Notes and Disclaimers: As always, the characters in this story were originated by Naoko Takeuchi and are currently owned by Bandai Visual and Kodansha, and by some unnamed bard in the dark ages. Thanks to all of them for letting me get this off my chest.
I honestly don’t expect too many people to get this one, this is not the most popular, or most common story in the Arthurian cycle, but in many ways, it is one of the most compelling.
Since the days I wrote the first of the Courtly Tales, Yuricon has undergone a *lot* of changes, so I hope you’ll drop by for news, events and contests and of course the largest shop on the Internet for Yuri fans. And, if you enjoy this story, please feel free to let me know at firstname.lastname@example.org
Senshi of the Grail
“And so, I came upon a castle.
It was not so much to look at from the outside, but immediately there was a kind of otherworldly light that sprang up from it, so that I felt I was looking in through a door upon heaven.
I was weary and wounded, my clothes ripped and worn. My heart turned towards the castle in hope that I might find respite and healing.
The doors opened just before my hand touched the wood. As you know, I am not entirely without suspicion or worldliness, so I recoiled slightly, concerned about what I might find waiting for me. But no monster showed itself, nor obvious evildoer. Instead what appeared before me was a young woman, clad in white.
“Traveler!” she cried out, then stopped and stared for a moment. When she spoke again, her eyes were wide, but her tone was calm. “Welcome to the castle of the Fisher Queen.”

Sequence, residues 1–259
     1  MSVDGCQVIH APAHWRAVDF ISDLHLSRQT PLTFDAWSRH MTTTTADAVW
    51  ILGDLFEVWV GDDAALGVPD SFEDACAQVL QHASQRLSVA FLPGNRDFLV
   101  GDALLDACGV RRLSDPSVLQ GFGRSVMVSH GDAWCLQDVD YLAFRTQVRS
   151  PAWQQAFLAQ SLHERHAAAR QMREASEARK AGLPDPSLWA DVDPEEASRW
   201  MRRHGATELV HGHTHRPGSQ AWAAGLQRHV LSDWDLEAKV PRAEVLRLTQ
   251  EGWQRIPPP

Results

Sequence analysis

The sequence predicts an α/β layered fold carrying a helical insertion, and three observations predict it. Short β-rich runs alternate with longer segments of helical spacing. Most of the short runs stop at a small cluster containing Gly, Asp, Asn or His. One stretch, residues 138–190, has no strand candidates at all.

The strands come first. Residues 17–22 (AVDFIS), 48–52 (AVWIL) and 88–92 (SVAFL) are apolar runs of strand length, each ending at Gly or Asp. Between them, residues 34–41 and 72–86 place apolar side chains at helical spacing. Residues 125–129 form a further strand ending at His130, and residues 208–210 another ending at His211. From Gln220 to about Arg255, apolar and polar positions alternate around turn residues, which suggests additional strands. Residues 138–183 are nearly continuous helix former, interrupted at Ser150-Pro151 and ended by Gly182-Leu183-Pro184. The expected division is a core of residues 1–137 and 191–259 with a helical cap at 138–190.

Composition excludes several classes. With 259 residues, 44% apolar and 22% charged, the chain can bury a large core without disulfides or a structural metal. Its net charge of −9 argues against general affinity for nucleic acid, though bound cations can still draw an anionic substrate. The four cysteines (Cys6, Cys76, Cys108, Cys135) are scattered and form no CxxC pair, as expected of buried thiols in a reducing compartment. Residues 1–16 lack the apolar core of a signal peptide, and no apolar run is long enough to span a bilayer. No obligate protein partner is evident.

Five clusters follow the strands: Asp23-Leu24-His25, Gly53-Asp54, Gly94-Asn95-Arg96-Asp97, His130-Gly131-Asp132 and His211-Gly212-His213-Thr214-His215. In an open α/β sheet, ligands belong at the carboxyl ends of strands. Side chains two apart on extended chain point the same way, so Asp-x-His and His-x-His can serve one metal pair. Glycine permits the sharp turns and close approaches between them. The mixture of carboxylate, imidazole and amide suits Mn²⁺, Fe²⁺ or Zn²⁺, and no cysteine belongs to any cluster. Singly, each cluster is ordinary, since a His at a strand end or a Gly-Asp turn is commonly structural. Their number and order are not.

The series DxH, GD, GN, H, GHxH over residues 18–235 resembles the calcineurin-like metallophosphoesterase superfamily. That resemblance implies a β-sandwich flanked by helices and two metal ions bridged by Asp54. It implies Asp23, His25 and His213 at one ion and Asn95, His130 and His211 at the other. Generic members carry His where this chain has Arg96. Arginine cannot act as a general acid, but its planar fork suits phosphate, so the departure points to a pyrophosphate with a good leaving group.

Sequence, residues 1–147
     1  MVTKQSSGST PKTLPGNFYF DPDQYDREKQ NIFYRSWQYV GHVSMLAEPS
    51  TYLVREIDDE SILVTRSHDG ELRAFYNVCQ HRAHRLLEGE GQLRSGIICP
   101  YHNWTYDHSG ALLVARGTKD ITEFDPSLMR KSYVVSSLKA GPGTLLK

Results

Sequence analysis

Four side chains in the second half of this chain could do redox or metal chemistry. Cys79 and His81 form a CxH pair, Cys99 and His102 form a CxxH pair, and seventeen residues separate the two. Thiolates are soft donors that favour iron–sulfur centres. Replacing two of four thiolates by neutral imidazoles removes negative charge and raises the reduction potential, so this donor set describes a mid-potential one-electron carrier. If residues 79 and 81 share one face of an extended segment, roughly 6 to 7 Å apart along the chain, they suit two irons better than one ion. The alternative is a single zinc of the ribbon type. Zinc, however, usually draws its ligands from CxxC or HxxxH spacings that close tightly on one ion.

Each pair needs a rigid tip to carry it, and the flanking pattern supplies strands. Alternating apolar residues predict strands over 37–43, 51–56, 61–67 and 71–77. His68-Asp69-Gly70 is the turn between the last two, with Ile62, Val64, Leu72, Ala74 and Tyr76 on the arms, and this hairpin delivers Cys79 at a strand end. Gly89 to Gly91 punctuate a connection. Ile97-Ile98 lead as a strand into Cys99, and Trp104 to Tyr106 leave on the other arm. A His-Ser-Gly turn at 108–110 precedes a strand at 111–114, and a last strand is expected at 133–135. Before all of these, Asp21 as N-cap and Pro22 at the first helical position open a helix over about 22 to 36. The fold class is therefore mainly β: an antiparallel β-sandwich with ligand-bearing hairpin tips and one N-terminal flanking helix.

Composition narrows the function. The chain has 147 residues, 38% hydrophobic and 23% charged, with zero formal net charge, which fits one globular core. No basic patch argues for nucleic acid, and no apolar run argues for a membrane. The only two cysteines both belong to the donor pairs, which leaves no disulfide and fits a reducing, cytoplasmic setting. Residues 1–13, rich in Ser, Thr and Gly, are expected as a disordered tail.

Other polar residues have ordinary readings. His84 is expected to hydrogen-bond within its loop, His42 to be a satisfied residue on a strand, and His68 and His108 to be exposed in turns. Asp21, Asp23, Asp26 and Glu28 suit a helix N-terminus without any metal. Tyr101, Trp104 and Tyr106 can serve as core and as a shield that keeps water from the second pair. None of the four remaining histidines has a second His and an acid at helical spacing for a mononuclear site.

I wondered at the name, but said nothing, wanting to avoid offense. I was led in to the castle, my horse taken away by stablehands and my own self taken in hand by the woman in white.
“You have arrived in time for a great feast,” the woman, who never named herself, announced. “Tonight the Fisher Queen will dine with you.” The pronouncement was laden with meaning but, again, I could not bring myself to ask.
I was bathed and clothed in cloth of gold and brought to a large chamber laid out as if for a great meal. Despite the large table, set with many plates, I was alone as I was seated in the place of honor.
After a few moments, there was the sound of horns, as if from far away, announcing an impending arrival. The doors to the hall were flung open and I beheld a spectacle that I can now scarcely credit, although I saw it with my own eyes.
A procession entered the hall; flag bearers and musicians led the way, followed by nobles of all kinds and ranks. They entered the hall silently, their faces expressionless as they took their places at the table. The musicians played merrily on, but no sign of joy was to be seen on any face.
When the great ones of the castle were seated, there was a profound silence that settled upon the crowd. As one, they turned to the doors and waited. There was a soft sound, the sound of cloth being pulled across the ground, and then *they* appeared.